Links Fourth of July

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Fish Learn to Cope in a High Carbon Dioxide World, New Study Suggests Science Daily (F. Beard). Yes, but coral reefs and shellfish are another story….]

Is it now possible to blame extreme weather on global warming? Guardian (Lee S)

Spring cleaning in summer Google. No more iGoogle?

Selfishness as Virtue American Interest. Big on procreation. Look, kids are great for those who REALLY want kids, but this planet needs there to be a LOT fewer people, particularly in advanced economies. And I know way too many people who have kids for the wrong reasons…as in parental pressure, social acceptability.

Fracking in Ireland and Being Dependent on Halliburton’s Mud Greg Palast

Irish crash worst since Depression Herald (Ireland). Jeremy B on the second para: WHAT?????

Arafat’s widow calls to exhume his body: A nine-month investigation suggests that the late Palestinian leader may have been poisoned with polonium Aljazzera (bryan willis)

Police raid Sarkozy’s home in funding probe Chicago Tribune (ohmyheck)

The Euro Endangers German Economy Der Spiegel (Aquifer). Hhm, the original headline appears to have been “German Economy Shows Dangerous Signs of Weakening.

Liborfest! And sadly, I’m going to be on a plane when the Treasury hearings are on. If readers can point to live feeds (for those Libor junkies, some have written asking for leads) and any sites that have either the recording for later viewing or a transcript, that would be very much appreciated.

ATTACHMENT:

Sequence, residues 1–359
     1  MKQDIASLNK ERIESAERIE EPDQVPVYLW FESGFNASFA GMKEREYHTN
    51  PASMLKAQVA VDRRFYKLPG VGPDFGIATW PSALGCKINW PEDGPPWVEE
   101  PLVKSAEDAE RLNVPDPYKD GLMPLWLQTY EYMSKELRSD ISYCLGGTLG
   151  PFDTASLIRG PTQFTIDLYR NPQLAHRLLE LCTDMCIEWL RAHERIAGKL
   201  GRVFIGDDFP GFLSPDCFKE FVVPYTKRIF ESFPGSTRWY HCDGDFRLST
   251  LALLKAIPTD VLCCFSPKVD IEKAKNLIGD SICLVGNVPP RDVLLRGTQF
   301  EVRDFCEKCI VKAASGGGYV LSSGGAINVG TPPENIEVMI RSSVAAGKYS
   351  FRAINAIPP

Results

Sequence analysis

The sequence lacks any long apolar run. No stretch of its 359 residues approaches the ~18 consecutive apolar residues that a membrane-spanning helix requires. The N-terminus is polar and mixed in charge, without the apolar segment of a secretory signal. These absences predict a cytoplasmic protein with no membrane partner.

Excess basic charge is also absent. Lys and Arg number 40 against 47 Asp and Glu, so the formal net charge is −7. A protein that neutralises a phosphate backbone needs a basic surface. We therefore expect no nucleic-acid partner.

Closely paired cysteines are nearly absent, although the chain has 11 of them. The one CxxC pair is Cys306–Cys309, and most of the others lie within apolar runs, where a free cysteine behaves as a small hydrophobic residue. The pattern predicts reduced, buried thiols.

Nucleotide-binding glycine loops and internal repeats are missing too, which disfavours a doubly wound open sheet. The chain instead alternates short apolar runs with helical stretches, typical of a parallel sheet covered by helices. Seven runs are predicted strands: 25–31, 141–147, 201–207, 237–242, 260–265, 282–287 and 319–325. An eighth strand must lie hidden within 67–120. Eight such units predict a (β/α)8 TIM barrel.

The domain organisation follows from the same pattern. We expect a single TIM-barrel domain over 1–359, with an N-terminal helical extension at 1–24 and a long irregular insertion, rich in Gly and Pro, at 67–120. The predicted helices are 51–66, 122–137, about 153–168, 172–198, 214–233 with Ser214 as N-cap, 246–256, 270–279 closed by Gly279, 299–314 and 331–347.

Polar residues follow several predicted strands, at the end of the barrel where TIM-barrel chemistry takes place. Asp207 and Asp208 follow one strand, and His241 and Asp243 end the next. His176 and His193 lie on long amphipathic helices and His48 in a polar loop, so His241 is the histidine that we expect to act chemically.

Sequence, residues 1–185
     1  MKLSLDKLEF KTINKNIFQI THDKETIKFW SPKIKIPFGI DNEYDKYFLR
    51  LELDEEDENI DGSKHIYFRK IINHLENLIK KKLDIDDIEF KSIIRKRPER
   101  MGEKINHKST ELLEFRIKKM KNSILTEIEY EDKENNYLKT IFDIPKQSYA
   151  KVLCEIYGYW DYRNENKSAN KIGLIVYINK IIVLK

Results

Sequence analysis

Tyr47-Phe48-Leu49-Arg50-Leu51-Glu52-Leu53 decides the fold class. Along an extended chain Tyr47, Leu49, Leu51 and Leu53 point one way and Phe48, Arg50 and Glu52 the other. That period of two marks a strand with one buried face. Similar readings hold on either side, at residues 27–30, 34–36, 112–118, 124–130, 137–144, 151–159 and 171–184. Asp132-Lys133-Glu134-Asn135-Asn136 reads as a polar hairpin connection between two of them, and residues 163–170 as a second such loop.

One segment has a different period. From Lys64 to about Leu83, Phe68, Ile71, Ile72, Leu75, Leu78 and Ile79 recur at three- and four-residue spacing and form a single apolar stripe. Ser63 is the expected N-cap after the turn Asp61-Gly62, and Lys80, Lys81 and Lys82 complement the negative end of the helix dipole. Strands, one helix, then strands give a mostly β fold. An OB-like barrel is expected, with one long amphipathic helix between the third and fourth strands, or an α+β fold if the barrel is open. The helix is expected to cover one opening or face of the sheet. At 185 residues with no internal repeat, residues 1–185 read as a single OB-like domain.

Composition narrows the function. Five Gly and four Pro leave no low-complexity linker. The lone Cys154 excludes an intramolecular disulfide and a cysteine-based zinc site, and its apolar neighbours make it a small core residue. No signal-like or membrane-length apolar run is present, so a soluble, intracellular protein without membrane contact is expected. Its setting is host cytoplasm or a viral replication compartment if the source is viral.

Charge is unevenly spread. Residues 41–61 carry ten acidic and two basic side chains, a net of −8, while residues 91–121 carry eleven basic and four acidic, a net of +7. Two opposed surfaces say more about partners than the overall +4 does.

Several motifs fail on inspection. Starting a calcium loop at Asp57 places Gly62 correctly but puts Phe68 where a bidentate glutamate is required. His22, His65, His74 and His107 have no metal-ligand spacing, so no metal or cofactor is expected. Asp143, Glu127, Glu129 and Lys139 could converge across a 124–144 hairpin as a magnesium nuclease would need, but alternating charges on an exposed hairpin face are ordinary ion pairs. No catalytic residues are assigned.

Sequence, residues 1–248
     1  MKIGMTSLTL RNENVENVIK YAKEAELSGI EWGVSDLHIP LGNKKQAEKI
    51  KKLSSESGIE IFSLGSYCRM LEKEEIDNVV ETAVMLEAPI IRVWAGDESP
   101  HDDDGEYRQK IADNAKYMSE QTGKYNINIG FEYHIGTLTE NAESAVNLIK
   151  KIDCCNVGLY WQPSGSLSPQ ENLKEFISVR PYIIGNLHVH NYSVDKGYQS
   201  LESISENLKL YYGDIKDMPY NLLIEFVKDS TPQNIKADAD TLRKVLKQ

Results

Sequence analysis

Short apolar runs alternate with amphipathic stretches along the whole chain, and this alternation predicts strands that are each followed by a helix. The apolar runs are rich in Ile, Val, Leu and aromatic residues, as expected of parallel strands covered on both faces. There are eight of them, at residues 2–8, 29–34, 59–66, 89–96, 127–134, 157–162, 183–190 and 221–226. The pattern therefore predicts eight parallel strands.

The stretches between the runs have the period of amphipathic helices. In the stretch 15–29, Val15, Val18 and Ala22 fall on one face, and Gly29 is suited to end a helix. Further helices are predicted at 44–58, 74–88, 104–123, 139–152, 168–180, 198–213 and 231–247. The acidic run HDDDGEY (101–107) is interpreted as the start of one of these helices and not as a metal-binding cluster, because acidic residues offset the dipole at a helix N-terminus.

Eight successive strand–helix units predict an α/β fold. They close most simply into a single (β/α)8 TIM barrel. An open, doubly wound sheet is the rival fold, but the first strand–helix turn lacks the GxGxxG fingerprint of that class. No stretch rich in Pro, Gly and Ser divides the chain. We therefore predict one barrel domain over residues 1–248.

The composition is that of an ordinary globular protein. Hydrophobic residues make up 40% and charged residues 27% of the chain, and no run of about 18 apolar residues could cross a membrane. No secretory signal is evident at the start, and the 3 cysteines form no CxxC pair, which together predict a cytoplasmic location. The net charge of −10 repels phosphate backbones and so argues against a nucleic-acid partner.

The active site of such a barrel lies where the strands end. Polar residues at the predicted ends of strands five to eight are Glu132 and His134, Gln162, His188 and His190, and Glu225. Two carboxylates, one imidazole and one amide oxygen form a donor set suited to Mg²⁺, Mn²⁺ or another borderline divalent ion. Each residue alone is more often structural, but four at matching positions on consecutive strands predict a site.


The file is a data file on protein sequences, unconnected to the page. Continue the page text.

In general, I’d not bet on an American CEO when matched against Oxbridge educated regulators. Just the British mastery of the language puts Yanks at a disadvantage. And they aren’t used to the more direct style of questioning either.

The Guardian has a live blog: Barclays blames ‘senior Whitehall figures’ for Libor scandal as Bob Diamond resigns – live (Lee S)

City faces a double crisis over trust and reputation, FSA’s Lord Turner warns Independent

Diamond lets loose over Libor Financial Times

Financial scandal: Diamond’s not for ever Guardian

Diamond: ‘Unacceptable face of banking’ who showed no remorse Independent

Diamond may face a fight for his £20m final payout Telegraph

Supplementary information regarding Barclays settlement with the Authorities in respect of their investigations into the submission of various interbank offered rates Barclays

Fink Says Diamond ‘Emotion’ May Have Aggravated Regulator Bloomberg

Defiant Barclays Felix Salmon. Agreed.